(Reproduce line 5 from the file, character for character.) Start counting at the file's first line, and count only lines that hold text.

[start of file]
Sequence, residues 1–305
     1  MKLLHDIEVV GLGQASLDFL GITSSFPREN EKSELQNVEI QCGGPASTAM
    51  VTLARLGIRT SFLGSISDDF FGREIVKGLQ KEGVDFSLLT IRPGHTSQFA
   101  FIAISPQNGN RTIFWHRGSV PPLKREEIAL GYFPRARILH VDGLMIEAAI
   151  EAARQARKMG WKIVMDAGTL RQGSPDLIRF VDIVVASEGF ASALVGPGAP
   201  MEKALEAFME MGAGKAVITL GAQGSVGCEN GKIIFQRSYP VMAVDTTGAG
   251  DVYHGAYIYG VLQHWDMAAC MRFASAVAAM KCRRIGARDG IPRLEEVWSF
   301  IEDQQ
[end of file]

   151  EAARQARKMG WKIVMDAGTL RQGSPDLIRF VDIVVASEGF ASALVGPGAP